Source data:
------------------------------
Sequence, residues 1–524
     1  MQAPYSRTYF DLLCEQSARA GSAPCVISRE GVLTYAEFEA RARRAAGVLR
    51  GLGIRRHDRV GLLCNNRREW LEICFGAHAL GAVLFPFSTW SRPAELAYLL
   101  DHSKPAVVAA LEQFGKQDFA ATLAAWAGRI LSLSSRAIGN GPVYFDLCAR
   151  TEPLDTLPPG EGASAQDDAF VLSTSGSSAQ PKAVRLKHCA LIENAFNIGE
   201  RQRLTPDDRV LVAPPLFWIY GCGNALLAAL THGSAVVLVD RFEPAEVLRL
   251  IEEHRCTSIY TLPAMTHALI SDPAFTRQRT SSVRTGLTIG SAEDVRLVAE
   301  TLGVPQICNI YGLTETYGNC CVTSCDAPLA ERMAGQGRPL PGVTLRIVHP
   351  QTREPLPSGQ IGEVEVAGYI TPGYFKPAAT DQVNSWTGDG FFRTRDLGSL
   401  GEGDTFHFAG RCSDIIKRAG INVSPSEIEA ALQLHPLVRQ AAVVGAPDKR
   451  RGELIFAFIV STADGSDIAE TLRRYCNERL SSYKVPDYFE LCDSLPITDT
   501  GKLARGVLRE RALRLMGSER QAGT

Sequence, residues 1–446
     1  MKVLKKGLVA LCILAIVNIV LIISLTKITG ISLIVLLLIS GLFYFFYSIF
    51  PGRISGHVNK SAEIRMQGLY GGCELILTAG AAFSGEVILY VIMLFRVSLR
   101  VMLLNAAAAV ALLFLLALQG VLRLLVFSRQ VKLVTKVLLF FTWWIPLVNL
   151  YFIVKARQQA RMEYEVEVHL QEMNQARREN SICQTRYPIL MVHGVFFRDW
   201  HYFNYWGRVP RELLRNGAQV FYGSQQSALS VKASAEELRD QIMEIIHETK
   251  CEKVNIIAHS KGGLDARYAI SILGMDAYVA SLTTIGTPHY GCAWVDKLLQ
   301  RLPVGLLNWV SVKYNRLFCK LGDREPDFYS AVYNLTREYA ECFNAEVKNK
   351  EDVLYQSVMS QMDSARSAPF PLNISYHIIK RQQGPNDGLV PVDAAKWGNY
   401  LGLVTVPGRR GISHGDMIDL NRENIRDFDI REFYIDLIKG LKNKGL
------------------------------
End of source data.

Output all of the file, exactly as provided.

Sequence, residues 1–524
     1  MQAPYSRTYF DLLCEQSARA GSAPCVISRE GVLTYAEFEA RARRAAGVLR
    51  GLGIRRHDRV GLLCNNRREW LEICFGAHAL GAVLFPFSTW SRPAELAYLL
   101  DHSKPAVVAA LEQFGKQDFA ATLAAWAGRI LSLSSRAIGN GPVYFDLCAR
   151  TEPLDTLPPG EGASAQDDAF VLSTSGSSAQ PKAVRLKHCA LIENAFNIGE
   201  RQRLTPDDRV LVAPPLFWIY GCGNALLAAL THGSAVVLVD RFEPAEVLRL
   251  IEEHRCTSIY TLPAMTHALI SDPAFTRQRT SSVRTGLTIG SAEDVRLVAE
   301  TLGVPQICNI YGLTETYGNC CVTSCDAPLA ERMAGQGRPL PGVTLRIVHP
   351  QTREPLPSGQ IGEVEVAGYI TPGYFKPAAT DQVNSWTGDG FFRTRDLGSL
   401  GEGDTFHFAG RCSDIIKRAG INVSPSEIEA ALQLHPLVRQ AAVVGAPDKR
   451  RGELIFAFIV STADGSDIAE TLRRYCNERL SSYKVPDYFE LCDSLPITDT
   501  GKLARGVLRE RALRLMGSER QAGT

Sequence, residues 1–446
     1  MKVLKKGLVA LCILAIVNIV LIISLTKITG ISLIVLLLIS GLFYFFYSIF
    51  PGRISGHVNK SAEIRMQGLY GGCELILTAG AAFSGEVILY VIMLFRVSLR
   101  VMLLNAAAAV ALLFLLALQG VLRLLVFSRQ VKLVTKVLLF FTWWIPLVNL
   151  YFIVKARQQA RMEYEVEVHL QEMNQARREN SICQTRYPIL MVHGVFFRDW
   201  HYFNYWGRVP RELLRNGAQV FYGSQQSALS VKASAEELRD QIMEIIHETK
   251  CEKVNIIAHS KGGLDARYAI SILGMDAYVA SLTTIGTPHY GCAWVDKLLQ
   301  RLPVGLLNWV SVKYNRLFCK LGDREPDFYS AVYNLTREYA ECFNAEVKNK
   351  EDVLYQSVMS QMDSARSAPF PLNISYHIIK RQQGPNDGLV PVDAAKWGNY
   401  LGLVTVPGRR GISHGDMIDL NRENIRDFDI REFYIDLIKG LKNKGL